COLORADO SPRINGS, Colo. — One of only two original, remaining Tuskegee Airmen in Colorado has died.
Frank Macon died Sunday night at his home in Colorado Springs. He was 97.
Air Force Col. Mark Dickerson, president of the Hubert L. “Hooks” Jones Chapter of Tuskegee Airmen Inc., made the announcement on Monday.
“The City of Colorado Springs has lost a local icon, and the nation another hero,” Dickerson said in the statement. “The Tuskegee Airmen … are a national treasure. Of the over 14,000 who were part of the Tuskegee experience, less than 50 are believed to remain with us. Their determination to perform with distinction despite challenges both at home and abroad made them true national heroes.”
Macon knew from a young age that he wanted to be a pilot and took every opportunity to learn about airplanes, The Gazette reported. As a freshman at what is now called Palmer High School in Colorado Springs, Macon designed planes and saved the money he earned working part-time at a local garage for flying lessons.
Col. Charles McGee — an original Tuskegee Airman, veteran of three wars, and aviation legend — still clearly remembers the day he shot down a German Luftwaffe fighter.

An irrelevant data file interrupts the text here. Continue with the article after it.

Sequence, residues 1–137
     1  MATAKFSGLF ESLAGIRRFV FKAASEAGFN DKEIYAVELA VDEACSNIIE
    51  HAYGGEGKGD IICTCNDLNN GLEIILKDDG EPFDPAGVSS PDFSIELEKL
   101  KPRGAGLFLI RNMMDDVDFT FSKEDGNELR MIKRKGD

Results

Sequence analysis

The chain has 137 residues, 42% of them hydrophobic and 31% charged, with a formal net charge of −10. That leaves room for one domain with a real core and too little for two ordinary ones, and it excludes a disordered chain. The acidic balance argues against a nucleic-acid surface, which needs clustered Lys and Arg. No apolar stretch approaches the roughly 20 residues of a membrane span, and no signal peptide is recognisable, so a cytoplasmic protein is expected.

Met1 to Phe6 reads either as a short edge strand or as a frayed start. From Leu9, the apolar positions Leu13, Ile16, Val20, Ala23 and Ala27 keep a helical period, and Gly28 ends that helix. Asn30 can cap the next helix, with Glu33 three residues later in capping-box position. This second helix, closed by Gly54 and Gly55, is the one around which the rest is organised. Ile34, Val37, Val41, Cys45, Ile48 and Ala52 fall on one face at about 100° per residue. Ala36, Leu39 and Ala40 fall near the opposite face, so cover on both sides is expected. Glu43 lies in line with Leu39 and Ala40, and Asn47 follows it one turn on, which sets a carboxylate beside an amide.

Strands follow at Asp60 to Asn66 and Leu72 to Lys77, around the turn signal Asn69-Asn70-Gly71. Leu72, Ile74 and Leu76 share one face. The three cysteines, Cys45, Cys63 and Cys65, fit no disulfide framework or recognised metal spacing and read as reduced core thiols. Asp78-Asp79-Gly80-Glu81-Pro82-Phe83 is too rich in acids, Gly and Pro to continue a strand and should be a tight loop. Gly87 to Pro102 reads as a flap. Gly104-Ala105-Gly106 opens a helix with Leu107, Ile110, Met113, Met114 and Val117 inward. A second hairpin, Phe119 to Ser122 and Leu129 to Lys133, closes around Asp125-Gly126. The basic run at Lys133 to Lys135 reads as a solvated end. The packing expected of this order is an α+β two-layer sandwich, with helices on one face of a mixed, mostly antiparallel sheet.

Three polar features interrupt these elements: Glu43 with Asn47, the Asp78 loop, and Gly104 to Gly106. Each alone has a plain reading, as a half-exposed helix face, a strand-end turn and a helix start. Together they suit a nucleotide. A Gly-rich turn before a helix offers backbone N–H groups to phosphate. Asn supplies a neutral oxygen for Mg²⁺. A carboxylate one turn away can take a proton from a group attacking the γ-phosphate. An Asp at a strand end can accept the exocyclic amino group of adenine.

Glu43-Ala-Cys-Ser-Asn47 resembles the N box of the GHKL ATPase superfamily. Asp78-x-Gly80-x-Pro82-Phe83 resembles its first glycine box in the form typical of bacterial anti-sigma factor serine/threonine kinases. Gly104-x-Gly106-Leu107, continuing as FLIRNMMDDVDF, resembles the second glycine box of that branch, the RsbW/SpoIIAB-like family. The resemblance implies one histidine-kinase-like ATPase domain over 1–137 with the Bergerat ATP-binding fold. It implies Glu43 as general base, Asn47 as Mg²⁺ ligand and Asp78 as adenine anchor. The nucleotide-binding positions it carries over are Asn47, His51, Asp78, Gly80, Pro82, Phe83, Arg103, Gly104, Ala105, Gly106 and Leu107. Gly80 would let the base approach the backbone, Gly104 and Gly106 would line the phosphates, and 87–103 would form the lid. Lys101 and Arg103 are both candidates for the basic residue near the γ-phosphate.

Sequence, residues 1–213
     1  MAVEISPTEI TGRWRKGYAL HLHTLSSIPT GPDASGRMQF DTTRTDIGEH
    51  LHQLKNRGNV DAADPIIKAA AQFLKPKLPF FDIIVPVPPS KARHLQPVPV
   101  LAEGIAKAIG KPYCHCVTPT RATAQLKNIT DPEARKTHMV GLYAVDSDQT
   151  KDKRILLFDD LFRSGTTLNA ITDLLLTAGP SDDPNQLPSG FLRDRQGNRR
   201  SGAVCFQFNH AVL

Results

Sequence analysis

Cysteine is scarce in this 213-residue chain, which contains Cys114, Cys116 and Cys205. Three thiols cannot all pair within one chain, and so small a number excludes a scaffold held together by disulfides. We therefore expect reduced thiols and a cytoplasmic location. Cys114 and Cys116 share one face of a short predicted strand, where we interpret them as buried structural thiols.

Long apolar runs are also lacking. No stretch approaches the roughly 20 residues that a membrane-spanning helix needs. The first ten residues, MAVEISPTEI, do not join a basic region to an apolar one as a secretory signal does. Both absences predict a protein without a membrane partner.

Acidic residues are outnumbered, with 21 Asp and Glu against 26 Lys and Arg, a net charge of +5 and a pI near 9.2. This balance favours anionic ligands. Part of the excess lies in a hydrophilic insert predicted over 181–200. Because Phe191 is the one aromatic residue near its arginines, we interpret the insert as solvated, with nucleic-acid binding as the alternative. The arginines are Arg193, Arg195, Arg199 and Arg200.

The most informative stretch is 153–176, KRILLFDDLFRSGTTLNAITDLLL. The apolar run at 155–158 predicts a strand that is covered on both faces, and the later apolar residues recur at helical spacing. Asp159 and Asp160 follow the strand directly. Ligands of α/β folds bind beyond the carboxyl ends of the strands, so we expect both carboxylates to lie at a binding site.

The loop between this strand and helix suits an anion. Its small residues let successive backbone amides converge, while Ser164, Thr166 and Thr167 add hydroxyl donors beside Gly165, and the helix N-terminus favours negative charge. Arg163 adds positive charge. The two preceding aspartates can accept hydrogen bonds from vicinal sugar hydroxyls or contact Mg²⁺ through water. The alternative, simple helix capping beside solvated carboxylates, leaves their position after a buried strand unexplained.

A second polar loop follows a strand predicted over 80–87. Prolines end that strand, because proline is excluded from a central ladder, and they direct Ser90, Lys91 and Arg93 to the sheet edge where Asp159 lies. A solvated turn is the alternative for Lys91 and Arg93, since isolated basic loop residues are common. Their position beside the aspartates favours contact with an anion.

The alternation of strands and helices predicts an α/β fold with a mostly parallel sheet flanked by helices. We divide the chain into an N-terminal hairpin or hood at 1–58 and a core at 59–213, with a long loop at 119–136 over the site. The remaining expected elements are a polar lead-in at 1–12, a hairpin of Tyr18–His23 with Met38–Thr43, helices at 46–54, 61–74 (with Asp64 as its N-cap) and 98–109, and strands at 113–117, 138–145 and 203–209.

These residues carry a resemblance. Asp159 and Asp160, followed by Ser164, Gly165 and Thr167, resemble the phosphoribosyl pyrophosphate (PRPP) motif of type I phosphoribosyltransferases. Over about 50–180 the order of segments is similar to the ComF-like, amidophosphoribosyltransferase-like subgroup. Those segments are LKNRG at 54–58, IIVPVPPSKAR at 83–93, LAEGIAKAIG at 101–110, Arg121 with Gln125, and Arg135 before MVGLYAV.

Macon was a senior in high school when his country entered World War II in 1941. He promptly signed up for the Civil Air Patrol, a civilian organization that aided in the war effort. It was there that he learned about the nation’s first group of African American fighter pilots: the Tuskegee Airmen.
“I didn’t know anything about Tuskegee,” Macon told The Gazette last December. “There was ... a segregated service at that time. Some of the generals and people … were very much against having black pilots.”
Macon eventually enlisted in the U.S. Army Air Corps in 1943. He began his military flight training the next year as part of Tuskegee’s Class 45A.
Despite having a severe head cold, Macon flew a plane during training, which ruptured both of his eardrums. Macon was forced to miss graduation and spent almost a year in recovery. By the time he was well again, World War II had ended.
Macon then worked for 23 years at the Fort Carson military base and retired as head of aircraft maintenance.
“He had a heart for trade,” Dickerson said. “He did a lot with his hands, because he was good at it.”
In 2019, the former airman established the Frank Macon Trades Scholarship Charitable Trust, which provides scholarships to those who want to learn a trade. Its first scholarship will be given in May, Dickerson said.
Newly-promoted Brig. Gen. Charles McGee, and his great-grandson who dreams of joining the Space Force, were saluted by President Trump at the State of the Union.
Macon has donated numerous items to local museums in recent years, including the 1944 Stinson Vultee V-77 “Gullwing” aircraft he spent three years rebuilding with friends in the 1950s. The plane served during World War II with the Royal Canadian Air Force and is now on display at the National Museum of World War II Aviation in Colorado Springs.
Macon will be interred at the U.S. Air Force Academy in Colorado Springs in a private service, Dickerson said.